Pros: Great characters and sense of humor
Cons: Plot pacing
The Bottom Line:
With soap opera hunks are
Backdrop for great book
Who Would Kill a Terminally Ill Man?
Greeting card designer turned professional dater Wollie Shelley appears in her third LA based mystery. Professional dater? Yep. After a stint an a failed reality series (is there any such thing?), Wollie gets another stab at television dating in Dead Ex, a fun book set in the world of soap operas.
The day after Christmas, terminally ill soap opera producer David Zetrakis is found murdered in his
Angeles mansion. That actually means something to
Wollie since she dated him for a few months many years ago. But the sense of
loss she feels is nothing compared to that of her friend Joey Rafferty who had
stayed friendly with David after her own breakup with the man. In fact, she was
at his house just before he died.
And that's why the police zero in on Joey as their prime suspect. When they begin questioning her, they quickly realize she is hiding something. But what? As Joey begins to act more and more strangely, Wollie realizes she is going to need to step in to solve the crime.
Fortunately, Wollie has just been handed the perfect platform. She's been asked to become the dating correspondent on SoapDirt, a daily look into the world of soap operas. And her first dates are with the men of David's soap, At the End of the Day. Unfortunately, this new job doesn't sit well with Wollie's boyfriend, FBI agent Simon. But he's started acting strangely himself. Beside, Wollie has enough to figure out. Why would someone shoot a man about to die anyway? Did one of Wollie's new men commit the crime? And what is Joey hiding?
As you might guess, this is another light, fun mystery, perfectly in keeping with the first two. Author Harley Jane Kozak knows the world of soap operas well since she spent a few years acting on them. This knowledge adds a dose of realism to the fun. Yet the book never once takes the setting too seriously. There are lots of funny things that happen amidst the tragedy. And Wollie's narration often offers doses of sarcasm. Her asides and observations really add to the appeal of the book.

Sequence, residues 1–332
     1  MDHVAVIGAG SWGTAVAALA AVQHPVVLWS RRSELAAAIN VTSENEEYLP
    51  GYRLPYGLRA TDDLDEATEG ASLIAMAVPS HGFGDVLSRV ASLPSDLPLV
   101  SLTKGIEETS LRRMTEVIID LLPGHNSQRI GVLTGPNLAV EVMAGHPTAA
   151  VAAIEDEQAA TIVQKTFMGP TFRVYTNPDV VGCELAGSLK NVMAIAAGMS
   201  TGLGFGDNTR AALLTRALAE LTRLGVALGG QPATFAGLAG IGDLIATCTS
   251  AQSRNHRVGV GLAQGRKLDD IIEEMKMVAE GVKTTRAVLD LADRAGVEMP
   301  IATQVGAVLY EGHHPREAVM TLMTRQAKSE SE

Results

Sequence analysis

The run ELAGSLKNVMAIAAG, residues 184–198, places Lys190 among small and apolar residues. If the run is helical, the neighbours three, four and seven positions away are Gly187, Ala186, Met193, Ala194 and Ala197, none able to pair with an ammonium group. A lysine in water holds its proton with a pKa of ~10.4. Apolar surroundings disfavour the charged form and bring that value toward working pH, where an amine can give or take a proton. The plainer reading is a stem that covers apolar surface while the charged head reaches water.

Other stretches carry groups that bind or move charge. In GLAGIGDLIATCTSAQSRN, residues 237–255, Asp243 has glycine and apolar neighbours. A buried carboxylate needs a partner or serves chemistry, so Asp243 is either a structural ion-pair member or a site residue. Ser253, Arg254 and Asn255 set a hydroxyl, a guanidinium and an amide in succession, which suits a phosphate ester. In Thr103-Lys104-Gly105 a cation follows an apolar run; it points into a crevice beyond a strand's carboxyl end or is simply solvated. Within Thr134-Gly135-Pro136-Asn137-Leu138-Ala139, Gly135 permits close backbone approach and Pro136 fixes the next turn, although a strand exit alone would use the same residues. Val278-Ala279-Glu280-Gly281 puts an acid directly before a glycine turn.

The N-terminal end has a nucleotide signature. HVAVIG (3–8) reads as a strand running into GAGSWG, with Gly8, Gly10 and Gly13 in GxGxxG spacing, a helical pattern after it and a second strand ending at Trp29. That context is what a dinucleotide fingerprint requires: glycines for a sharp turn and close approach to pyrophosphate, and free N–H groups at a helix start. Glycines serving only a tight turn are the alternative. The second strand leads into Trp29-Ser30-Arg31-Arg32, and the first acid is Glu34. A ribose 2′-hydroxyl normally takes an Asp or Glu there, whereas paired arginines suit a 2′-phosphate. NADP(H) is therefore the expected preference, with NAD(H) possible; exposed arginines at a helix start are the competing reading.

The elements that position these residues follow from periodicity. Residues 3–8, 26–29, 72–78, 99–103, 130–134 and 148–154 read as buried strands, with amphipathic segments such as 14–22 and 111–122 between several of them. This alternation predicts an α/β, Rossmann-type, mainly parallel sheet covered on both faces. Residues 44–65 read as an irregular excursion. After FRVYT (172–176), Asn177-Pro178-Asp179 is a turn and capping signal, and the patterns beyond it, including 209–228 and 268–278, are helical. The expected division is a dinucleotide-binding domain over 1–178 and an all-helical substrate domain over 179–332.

The characters are great. The returning characters are still well developed and interesting. Wollie is fully developed and likable. You want to spend time with her. Joey obviously gets lots of page time, and her behavior is believable even while puzzling. I found myself alternating on my opinion of Simon. At times I really liked him. And at other times I wished he'd get a clue or at least give Wollie one on what was really going on in his life. Of course, my feelings were usually mirroring Wollie's at the time.
The new characters are sharp as well. Granted, some of them slip into stereotypes, but those are the ones who are in the background. The real suspects are better developed and interesting.
The plot is the only weakness in the book. It starts strong, with lots of mysterious things happening and clues that made little to no sense. In fact, I was enjoying the fact that it often seemed to mirror a soap opera's plot twists. Dating has become the theme of the series, but unlike the last book, it actually served a purpose to the overall story here. It stumbled in the second half, however. It gets bogged down with very little happening to further the story for a while. Then, when it does get to the ending, things seemed rushed. Not the actual climax, which was gripping, but the denouncement, which almost glossed over a few key plot points. They are mentioned, but in a haphazard manner.
The pacing of the plot is the only problem with Dead Ex. On the whole, I really enjoyed it. This is certain to please Wollie's many fans.
And if you want to read more, here are the Wollie Shelley Mysteries in order.